Global divergence was shaped during the 19th century by the fundamental division of the world into colonial powers on the one hand and colonial, semi-colonial and dependent territories on the other. However, the global North-South conflict only emerged as a result of the results of World War II. Although the Latin American states had already achieved their formal independence around the middle of the 19th century, they had then come under the hegemony of the USA, with which they came to terms in the post-war period within the framework of a pact system (Rio Pact of 1947, Organization of American States 1948) allied. The real impetus for the North-South conflict came from the emergence of “young nation states” when the European colonial system collapsed. In the late 1940s and 1950s, the majority of the former colonial areas of Southeast Asia, the Middle East, and North Africa achieved state independence. At the same time, the main features of the system of international relations were redefined by the victorious powers of World War II. The western industrialized nations had the Bretton Woods institutions The International Monetary Fund (IMF) and the World Bank, the GATT and the OEEC created effective international instruments for the promotion of the economy and foreign trade, on the functioning of which the later developing countries had no influence. For this group of states, the term »Third World« came into use since the late 1940s, which was based on a positive meaning with the vision of a »third way« of social development, differentiating it from the formerly colonizing capitalist West and the communist East.
Up until the end of the 1980s, the North-South conflict was shaped and partially superimposed by this systematic conflict between the alliance system of western democracies led by the world power USA (First World) and the socialist camp (Eastern Bloc, Second World) dominated by the USSR. In the context of this east-west conflict, which lasted over four decades, the main rival opponents tried to gain geo and regional strategic advantages by including individual countries or regions of the Third World in various forms of economic, political and military aid and cooperation, and thus existing ones Exploited, consolidated or created relationships of dependency. The Cold War waged between the power blocsalso brought sharp confrontations within the Third World between mutually opposing political movements which, in parts of Africa and Southeast Asia, took the form of military clashes and civil wars with great losses (“proxy wars”). The formation of the national liberation movements, the collapse of the colonial system and the struggle of political forces in the new states of the Third World thus acted as important factors in the global East-West conflict. However, since the protagonists of the Third World Movement knew how to evade direct involvement in the opposing blocs, they remained courted on both sides of the East-West confrontation. This global constellation increased the political and geostrategic importance of the leading countries of the non-aligned movement at the same time. A first high point in the establishment of this group of states in the system of international relations was the Bandung Conference of 1955, whose participating states gave themselves a ten-point program. Since this conference, China, as the most populous country in the world, has tried to make itself the spokesman for the Third World, but as a communist country has never been able to achieve the weight that Egypt, India, Indonesia and (which remained outside of the Warsaw Pact) Yugoslavia in the non-aligned movement received.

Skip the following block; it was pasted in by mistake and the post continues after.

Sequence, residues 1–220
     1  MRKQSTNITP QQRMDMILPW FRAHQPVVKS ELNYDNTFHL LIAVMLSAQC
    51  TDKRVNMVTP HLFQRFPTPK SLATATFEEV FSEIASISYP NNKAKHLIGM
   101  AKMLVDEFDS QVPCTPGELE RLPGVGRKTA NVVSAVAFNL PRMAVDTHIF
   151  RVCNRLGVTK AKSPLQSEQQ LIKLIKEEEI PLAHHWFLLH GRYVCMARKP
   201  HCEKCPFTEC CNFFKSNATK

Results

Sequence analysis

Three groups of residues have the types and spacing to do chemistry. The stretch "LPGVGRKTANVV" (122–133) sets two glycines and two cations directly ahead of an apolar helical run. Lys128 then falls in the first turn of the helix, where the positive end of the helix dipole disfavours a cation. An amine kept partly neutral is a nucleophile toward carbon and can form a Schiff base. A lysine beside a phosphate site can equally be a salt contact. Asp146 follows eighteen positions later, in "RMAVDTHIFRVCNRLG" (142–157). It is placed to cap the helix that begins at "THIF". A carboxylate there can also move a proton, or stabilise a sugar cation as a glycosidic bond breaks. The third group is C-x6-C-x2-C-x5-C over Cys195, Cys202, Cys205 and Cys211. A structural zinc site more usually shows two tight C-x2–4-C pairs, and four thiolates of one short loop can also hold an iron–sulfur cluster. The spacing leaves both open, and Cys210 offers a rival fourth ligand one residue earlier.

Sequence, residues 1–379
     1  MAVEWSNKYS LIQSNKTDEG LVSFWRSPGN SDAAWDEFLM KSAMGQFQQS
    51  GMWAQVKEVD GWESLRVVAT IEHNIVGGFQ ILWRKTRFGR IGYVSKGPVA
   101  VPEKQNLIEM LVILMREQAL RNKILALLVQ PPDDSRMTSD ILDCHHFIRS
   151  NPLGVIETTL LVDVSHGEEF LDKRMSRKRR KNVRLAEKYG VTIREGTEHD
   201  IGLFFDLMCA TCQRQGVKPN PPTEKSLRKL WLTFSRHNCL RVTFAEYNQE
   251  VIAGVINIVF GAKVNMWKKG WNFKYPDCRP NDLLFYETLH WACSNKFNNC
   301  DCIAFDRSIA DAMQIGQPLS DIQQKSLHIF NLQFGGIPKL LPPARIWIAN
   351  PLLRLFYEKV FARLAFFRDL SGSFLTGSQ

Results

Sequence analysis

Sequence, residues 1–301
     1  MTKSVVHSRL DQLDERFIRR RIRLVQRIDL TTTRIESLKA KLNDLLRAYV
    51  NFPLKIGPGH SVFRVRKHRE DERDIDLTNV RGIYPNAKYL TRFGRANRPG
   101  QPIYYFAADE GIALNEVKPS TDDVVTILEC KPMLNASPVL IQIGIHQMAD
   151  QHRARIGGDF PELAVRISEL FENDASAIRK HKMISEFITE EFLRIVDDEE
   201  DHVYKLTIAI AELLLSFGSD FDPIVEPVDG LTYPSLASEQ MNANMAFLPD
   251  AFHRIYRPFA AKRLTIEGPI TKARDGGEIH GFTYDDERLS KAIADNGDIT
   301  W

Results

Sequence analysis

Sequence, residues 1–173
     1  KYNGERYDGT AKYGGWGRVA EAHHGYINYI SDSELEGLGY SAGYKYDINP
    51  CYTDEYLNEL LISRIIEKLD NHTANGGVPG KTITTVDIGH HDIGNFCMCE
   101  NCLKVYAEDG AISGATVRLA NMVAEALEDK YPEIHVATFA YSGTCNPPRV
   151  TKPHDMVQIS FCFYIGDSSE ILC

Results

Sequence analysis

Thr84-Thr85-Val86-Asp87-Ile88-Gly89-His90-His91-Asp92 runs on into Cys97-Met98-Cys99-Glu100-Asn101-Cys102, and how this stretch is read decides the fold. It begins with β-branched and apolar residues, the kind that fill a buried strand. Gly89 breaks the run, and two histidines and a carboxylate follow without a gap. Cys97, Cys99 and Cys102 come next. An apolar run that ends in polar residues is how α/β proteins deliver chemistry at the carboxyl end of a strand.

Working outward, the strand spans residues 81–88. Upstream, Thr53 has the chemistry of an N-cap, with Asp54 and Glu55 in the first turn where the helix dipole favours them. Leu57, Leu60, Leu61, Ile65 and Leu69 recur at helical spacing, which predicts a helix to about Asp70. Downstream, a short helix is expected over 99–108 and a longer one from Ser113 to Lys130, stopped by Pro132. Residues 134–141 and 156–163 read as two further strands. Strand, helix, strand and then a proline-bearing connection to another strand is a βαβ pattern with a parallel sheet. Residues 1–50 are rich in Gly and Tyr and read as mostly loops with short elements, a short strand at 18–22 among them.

In the 1960s, the spectrum of block politics in the South expanded and radicalized considerably. The broadly interpretable concept of “positive neutrality” led some countries (Cuba, Egypt) to alliances with the Soviet Union, while other states retained their close contractual ties with their former colonial power (e.g. in French-speaking Africa). Of decisive importance was the social and economic enrichment of the program of the South, in which Latin American countries (Mexico, Chile, Cuba) and Algeria also made a name for themselves. Since 1964 the group of 77 which grew rapidly and constituted itself as a kind of “Third World Union”. Through them, the developing countries succeeded beyond the alliances of purpose of the Cold War and the ideological reference to Western or Eastern forms of legitimation of political rule, to assert their emancipatory claim to equality and development internationally and to establish themselves with reference to ideologems of national liberation, independence, of national structure, anti-or neo-colonialism and anti-imperialism as a political movement. The UN proves to be an important framework for action up to the present day,
With the détente of the 1980s, the “new way of thinking” and the end of the bloc confrontation, the North-South conflict also lost some of its explosiveness. The rival efforts of the opposing great powers to gain influence in the Third World, which went hand in hand with the use of potential military threats (Cuban Crisis), direct military intervention (Suez Crisis, Vietnam, Afghanistan, Angola, Grenada) or massive armament of political regimes in developing countries, was obsolete become. The initiative of the north was now directed towards the creation of a “new world order”. As a result, many of the political leaders of the Third World and the ruling regimes of individual developing countries were unable to exploit the East-West conflict to enforce their own claims to power and to stabilize their often repressive regimes by turning towards this or that great power through alliance politics. Rather, there was a growing number of military conflicts and civil wars in the regions of the Third World.